The Curiosity rover, which is designed to explore Mars, has found an ancient oasis on Mars. Researchers working with the Curiosity rover have found salt-enriched…
Researchers examined Antarctic snow where they discovered interstellar dust recently fell to Earth for the first time.
Scientists claimed that these studies may shed light on the mysterious interstellar clouds. By contrast, this new study analyzes relatively fresh interstellar dust, and the findings may reveal insight into mysterious interstellar clouds and their relationship with our solar system.
“Scientists might be able to use our results to figure out how the solar neighborhood was shaped,” study lead author Dominik Knoll, an experimental nuclear physicist at the Australian National University in Canberra, told Space.com. “We know something about distant galaxies and stars and a lot about our solar system, but the nearby surroundings of our solar system need more investigation.”
The researchers seek samples of interstellar dust collecting about 1,100 lbs. (500 kilograms) of Antarctic snow that was less than 20 years old. It was collected several hundred miles from the coast of the frozen continent, near Germany’s Kohnen Station.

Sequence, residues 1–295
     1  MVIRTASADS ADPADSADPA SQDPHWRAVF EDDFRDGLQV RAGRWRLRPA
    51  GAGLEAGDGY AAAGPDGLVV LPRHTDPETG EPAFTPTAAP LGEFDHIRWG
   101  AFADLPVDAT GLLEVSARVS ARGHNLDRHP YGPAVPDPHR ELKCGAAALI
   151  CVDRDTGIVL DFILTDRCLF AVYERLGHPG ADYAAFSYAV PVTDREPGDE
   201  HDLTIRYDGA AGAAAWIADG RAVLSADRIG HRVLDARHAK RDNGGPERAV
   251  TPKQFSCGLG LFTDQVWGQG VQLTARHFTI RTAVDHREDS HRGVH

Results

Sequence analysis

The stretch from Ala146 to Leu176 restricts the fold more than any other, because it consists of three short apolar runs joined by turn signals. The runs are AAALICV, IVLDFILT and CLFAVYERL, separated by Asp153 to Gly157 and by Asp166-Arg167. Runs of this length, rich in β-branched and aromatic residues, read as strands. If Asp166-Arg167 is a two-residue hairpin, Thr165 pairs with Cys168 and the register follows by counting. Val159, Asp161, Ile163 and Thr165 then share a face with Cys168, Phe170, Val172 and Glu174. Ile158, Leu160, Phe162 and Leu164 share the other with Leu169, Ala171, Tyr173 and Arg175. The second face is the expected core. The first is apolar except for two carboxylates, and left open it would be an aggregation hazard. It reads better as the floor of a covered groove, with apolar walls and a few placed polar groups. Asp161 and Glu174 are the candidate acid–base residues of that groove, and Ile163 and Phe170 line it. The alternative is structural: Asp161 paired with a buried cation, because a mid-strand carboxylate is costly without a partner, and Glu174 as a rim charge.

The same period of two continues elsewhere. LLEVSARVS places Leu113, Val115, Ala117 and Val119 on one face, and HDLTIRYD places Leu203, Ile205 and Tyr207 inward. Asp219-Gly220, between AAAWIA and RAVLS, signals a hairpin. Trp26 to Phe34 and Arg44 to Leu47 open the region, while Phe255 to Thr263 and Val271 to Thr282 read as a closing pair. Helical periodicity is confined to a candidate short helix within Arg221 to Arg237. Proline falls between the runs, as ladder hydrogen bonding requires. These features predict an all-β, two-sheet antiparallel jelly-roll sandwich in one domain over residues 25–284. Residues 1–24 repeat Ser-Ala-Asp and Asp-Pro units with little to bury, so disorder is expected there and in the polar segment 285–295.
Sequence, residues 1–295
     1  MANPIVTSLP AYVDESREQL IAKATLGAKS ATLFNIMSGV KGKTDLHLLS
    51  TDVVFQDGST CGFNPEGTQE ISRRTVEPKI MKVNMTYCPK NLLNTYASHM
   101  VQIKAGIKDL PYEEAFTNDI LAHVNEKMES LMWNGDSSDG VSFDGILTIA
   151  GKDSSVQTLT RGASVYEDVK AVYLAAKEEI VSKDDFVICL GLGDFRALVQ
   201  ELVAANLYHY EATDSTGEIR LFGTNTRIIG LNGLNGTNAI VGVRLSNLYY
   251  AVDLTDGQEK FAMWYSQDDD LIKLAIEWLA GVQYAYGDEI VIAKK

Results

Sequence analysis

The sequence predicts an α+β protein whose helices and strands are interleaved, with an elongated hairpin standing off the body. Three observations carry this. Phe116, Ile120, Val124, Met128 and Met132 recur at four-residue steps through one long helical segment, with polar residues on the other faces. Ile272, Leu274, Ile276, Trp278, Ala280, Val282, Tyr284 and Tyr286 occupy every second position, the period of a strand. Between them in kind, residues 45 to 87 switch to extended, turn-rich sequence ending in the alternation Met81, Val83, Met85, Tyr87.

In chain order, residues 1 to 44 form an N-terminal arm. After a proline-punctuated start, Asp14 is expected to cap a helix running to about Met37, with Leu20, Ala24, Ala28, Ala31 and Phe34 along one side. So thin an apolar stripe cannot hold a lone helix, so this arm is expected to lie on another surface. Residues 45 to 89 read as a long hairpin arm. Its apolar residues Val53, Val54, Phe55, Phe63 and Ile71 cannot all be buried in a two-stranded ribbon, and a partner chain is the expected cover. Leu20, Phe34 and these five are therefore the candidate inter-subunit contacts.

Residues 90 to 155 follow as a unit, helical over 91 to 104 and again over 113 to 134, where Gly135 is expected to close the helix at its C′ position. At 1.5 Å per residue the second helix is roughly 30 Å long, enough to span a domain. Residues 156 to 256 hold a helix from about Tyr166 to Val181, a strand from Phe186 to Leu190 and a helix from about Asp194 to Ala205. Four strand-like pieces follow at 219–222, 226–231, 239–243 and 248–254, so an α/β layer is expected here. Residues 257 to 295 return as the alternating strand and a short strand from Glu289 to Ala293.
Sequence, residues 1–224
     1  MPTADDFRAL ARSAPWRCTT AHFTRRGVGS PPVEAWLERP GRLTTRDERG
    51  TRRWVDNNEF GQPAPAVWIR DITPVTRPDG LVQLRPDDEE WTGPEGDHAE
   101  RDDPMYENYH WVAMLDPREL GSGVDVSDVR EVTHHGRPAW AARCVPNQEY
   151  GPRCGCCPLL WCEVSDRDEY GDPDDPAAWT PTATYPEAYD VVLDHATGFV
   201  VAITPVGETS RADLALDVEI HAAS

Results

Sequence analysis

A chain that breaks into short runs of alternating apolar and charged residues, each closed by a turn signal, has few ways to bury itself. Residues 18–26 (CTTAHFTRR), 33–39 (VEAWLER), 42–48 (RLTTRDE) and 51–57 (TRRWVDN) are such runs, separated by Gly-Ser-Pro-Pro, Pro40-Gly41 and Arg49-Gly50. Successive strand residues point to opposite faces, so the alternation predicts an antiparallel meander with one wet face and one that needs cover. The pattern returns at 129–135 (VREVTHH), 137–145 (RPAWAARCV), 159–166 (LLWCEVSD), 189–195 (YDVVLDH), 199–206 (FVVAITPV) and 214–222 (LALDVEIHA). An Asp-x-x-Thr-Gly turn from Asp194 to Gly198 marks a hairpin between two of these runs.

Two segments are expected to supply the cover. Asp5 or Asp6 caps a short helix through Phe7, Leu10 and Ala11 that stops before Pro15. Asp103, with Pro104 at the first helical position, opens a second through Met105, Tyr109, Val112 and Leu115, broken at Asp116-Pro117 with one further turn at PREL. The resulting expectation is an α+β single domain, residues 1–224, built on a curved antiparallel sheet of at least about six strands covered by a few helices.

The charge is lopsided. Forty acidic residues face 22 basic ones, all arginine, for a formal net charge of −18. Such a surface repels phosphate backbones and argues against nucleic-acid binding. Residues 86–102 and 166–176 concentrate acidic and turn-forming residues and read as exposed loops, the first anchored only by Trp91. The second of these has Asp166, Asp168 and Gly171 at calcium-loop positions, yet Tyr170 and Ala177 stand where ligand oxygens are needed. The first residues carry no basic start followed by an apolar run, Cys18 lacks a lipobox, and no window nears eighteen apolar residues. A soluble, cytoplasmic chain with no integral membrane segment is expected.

Space.com mentions “According to the researchers, the most likely source of the iron-60 was a supernova, a powerful explosion from a gigantic dying star that is bright enough to briefly outshine all of the other stars in its host galaxy. Other natural ways of creating iron-60 produce only up to one-tenth as much. However, iron-60 and manganese-53 also can be produced when atom fragments called cosmic rays strike interplanetary dust. Nonetheless, the researchers found a greater ratio of iron-60 to manganese-53 than they would have expected from this mechanism”.
Future examination of interstellar dust in older snow and ice may shed light on the origins and structure of nearby interstellar clouds and the history of their interactions with the solar system, the researchers indicated.
The study was published on August 12 in the journal Physical Review Letters.
Source: Text; Space.com
Image credit; Space.com
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